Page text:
Trucks under fire in North Carolina town

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If the flatscreen TV and the rest of the stuff in the living room wasn’t shaking so much, truckers might not be catching so much flak for traveling through a residential area in Mount Holly, N.C.

However, with homes vibrating, plenty of kids to be concerned about and a beat-up road, residents that live along a mile of Highway 273, or North Main Street, have complained so much about the tractor trailers that state troopers are taking a closer look, according to

And in some cases, they don’t like what they’ve found. By traveling on Highway 273, some truckers may be avoiding a nearby weigh station on Interstate 85. But there’s really no way to prove that—unless a trucker admits it.

Still, the North Carolina Highway Patrol suspects that some truckers are traveling the route to do just that. For two days, traveled with troopers as they pulled over tractor trailers traveling that road, along with Highways 27 and 74.

“Troopers stopped a total of 16 trucks during the two-day period. Of the 16, one was put out of service for a flat tire and an expired federal inspection,” reports. “Another truck also had an expired federal inspection tag. Two trucks were found to be overweight. A few others were sent on their way with warnings for an underinflated tire.”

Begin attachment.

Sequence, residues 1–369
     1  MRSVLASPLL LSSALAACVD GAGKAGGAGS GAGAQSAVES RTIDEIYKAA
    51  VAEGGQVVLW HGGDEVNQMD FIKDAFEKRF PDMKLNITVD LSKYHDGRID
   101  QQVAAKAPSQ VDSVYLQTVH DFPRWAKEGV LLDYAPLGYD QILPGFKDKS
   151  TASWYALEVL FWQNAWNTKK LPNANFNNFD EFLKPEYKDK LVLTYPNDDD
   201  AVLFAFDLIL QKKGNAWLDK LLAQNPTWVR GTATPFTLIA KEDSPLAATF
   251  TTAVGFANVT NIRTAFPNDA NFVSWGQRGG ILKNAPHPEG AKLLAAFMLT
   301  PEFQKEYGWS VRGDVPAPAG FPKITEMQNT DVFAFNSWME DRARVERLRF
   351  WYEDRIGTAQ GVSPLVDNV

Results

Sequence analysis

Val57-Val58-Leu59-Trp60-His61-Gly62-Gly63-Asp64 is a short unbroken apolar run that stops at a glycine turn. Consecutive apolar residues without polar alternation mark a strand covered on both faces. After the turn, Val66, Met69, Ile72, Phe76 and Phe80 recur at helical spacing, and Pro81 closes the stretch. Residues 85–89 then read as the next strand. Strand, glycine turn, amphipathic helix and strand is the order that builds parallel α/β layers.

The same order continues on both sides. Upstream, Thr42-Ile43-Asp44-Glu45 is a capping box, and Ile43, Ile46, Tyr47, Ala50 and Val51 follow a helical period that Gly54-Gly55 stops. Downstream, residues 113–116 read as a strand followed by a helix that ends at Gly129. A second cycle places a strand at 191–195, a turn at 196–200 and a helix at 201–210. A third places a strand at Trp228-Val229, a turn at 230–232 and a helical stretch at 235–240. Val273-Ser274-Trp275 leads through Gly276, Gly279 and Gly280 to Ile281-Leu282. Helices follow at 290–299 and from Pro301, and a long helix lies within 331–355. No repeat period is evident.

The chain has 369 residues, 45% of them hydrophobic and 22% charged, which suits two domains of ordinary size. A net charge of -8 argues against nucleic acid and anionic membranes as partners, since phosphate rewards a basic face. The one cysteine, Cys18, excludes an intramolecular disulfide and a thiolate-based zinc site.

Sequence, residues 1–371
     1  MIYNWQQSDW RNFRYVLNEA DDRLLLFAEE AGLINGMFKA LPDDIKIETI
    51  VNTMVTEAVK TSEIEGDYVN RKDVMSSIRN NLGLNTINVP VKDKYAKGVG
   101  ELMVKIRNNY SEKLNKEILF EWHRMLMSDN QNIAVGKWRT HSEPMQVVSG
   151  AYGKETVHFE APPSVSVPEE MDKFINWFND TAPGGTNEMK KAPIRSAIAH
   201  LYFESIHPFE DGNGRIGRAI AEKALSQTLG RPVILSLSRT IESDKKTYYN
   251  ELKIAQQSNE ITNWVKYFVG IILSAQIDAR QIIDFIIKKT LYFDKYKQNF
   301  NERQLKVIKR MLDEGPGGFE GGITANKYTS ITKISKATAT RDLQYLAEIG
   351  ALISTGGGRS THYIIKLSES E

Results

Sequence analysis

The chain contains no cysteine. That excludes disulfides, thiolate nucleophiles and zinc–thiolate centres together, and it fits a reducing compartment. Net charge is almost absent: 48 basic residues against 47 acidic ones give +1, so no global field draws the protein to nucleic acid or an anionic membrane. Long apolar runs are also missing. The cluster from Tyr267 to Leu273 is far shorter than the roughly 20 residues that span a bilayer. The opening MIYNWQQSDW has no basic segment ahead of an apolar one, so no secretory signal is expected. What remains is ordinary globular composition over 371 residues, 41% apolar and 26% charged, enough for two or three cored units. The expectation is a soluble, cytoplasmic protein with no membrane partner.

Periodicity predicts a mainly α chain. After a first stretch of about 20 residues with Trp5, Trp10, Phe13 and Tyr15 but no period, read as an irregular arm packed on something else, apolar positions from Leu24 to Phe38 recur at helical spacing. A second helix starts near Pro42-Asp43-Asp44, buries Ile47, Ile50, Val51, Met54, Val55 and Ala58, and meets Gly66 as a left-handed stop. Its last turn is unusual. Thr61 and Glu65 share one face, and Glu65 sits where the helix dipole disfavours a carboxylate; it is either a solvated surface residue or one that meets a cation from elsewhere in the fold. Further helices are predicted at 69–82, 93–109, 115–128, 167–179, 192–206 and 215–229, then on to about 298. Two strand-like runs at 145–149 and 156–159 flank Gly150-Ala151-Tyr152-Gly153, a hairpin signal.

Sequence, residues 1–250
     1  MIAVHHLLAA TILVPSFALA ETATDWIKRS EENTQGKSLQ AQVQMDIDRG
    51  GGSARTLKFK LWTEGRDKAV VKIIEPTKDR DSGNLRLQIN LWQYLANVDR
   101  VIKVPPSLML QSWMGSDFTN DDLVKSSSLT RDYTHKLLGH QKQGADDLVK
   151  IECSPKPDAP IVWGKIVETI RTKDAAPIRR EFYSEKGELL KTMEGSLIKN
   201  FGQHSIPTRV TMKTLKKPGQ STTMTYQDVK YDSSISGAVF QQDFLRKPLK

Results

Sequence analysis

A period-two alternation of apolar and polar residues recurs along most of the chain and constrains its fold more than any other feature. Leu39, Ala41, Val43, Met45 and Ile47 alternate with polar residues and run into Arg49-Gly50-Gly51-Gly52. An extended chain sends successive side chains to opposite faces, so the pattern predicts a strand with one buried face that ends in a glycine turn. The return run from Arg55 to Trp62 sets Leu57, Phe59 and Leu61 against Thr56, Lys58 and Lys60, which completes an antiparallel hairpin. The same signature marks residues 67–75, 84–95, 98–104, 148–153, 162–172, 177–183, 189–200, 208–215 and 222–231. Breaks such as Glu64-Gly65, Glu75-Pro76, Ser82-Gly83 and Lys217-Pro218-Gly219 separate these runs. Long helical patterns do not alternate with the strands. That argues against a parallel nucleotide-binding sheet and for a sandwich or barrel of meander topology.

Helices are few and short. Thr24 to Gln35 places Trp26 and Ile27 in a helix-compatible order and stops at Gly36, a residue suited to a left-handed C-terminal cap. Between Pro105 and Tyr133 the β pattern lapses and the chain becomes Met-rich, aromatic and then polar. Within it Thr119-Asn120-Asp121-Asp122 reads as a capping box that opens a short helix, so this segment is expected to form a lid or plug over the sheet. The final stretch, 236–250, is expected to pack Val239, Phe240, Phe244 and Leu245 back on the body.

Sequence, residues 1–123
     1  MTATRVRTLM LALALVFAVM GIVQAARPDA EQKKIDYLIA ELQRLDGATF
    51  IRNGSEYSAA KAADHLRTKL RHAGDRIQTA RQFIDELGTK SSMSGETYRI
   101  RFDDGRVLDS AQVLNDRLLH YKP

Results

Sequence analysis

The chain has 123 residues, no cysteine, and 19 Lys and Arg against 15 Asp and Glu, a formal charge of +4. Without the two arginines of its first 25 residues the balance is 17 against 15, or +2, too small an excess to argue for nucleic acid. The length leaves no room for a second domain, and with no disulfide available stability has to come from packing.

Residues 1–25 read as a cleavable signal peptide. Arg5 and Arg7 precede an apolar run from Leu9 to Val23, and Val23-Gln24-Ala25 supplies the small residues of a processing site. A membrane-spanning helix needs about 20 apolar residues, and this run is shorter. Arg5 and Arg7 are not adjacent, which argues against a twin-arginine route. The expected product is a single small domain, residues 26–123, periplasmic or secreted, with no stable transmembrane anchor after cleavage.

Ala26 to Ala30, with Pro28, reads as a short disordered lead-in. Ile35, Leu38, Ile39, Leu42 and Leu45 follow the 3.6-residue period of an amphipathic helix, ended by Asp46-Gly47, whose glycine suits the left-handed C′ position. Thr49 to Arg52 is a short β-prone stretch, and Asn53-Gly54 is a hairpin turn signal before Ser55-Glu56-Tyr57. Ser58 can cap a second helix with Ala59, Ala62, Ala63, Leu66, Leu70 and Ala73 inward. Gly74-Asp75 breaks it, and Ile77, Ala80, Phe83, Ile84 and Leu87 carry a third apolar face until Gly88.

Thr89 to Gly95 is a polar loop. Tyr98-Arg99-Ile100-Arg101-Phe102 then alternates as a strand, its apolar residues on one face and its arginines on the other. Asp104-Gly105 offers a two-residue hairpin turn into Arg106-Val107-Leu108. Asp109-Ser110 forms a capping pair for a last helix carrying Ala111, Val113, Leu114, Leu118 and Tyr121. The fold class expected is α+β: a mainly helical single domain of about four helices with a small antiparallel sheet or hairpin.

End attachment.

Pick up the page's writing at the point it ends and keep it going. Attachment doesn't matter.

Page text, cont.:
Residents have been trying to get a law passed that would restrict some trucks based on weight. The North Carolina Department of Transportation told that the rigs do not present a safety issue and that trucks with 53-foot trailers have been able to travel on North Main Street since 2009.

Mount Holly City officials say they’re not authorized to pass a weight restriction law and instead are hoping to hold a meeting that would bring all interested parties together to discuss the issue.

Road repair work on Highway 273, which includes resurfacing, is scheduled to begin this summer.

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